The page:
By AVA TURNQUEST
Tribune Chief Reporter
AS the general election looms, activists fear that the government’s Freedom of Information Act (FOIA) 2017 is heading for the same fate of its predecessor, which was passed by the previous government months before the 2012 election but never enacted.
A pressure group of more than 20 civil society organisations (CSOs) are calling on the government to clearly elucidate the next steps needed for the enactment of Freedom of Information legislation, as they fear the legislation is “stuck in limbo”.
The outcome would be ironic, according to Matt Aubry, executive director of the Organisation for Responsible Governance, given the extensive public consultation process undertaken by this administration.
“There’s nothing publicly available to tell us what the status of it is, what the next steps are,” Mr Aubry said. “We would love to see not only what is required to drive an enactment date but when would that enactment date be.
“If they don’t enact it, it puts it in the exact same scenario that it was before. It would seem that if the current government is trying to put things in place that they’ve done, it makes sense and seems like a low-lying fruit that it’s one of those things they can knock out. It would be an easy way so we don’t follow the exact same pattern of what happened last time.”
Mr Aubry said: “We feel like the public needs clarity on what has happened. The last we heard is that the (Attorney General) said she didn’t know if a plan would be enacted before election. We’ve asked and awaiting response from the government on what are the factors that would determine enactment.”
Mr Aubry said his organisation has done a lot of work educating sitting government members, and the wider public, about the importance of the legislation to the democratic process. He said that while some of the recommendations offered by civil society were not accepted by the government, the legislation that was passed earlier this month was still great start.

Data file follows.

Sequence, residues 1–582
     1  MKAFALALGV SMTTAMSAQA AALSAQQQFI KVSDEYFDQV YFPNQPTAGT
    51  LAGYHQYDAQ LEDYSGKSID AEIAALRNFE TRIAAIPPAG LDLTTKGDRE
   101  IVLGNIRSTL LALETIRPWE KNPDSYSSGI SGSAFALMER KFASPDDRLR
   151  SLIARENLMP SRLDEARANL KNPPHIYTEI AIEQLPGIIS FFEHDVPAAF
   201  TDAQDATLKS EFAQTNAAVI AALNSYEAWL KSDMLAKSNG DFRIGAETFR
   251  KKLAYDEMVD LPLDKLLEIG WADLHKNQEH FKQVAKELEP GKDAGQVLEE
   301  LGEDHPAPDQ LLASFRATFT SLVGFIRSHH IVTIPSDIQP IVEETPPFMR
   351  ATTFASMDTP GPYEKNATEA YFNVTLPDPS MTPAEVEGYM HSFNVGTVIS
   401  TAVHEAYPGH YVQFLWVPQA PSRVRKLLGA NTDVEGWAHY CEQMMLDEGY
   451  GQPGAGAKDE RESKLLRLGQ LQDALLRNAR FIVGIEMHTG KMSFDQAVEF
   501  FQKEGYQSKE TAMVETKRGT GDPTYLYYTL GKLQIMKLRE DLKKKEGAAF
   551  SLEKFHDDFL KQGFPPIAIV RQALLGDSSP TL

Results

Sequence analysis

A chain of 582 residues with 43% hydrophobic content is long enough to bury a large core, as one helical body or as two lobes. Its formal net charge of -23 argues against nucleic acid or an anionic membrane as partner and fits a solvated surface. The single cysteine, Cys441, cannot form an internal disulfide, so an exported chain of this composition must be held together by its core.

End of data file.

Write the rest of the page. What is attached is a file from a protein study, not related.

“There are a lot of things that need to take place,” he said. “We understand from the initial consultations that there would be needed to be a period of intensive education and training on the part of the government to set up all the different functions. It can’t be left up to a new group, who could very well get in and say let’s toss this out. Educating the government still needs to happen, so does the (educating the) public.
“We want to know what’s happening on their side so we can position ourselves to take over that effort so the public and media are ready and know how to utilise this bill, and why it’s important.”
An FOIA was passed by the Ingraham administration shortly before the 2012 general election but did not have an enforcement date. When the Progressive Liberal Party assumed office, the government said the legislation would need significant changes. In December, 2016, Minister of Education Jerome Fitzgerald tabled another version of FOI legislation.
However, the bill that was passed in February presented several “big changes” when compared to its predecessors, according to Mr Fitzgerald, the minister with responsibility for FOIA.
The CSO collective includes Citizens for a Better Bahamas, Our Carmichael, The Organisation for Responsible Governance, We The People, Save The Bays, The Abaco Chamber of Commerce, The Nassau Institute, reEarth, HeadKnowles Foundation, Grand Bahama Human Rights Association, Waterkeepers Bahamas, The Bahamas Press Club, The Bahamas Chamber of Commerce and Employers’ Confederation, It’s Our Turn, Young Marine Explorers, Civil Society Bahamas, The Bahamas Retailers Federation, The Coalition to Save Clifton, Rise Bahamas, Citizens for Justice and BREEF.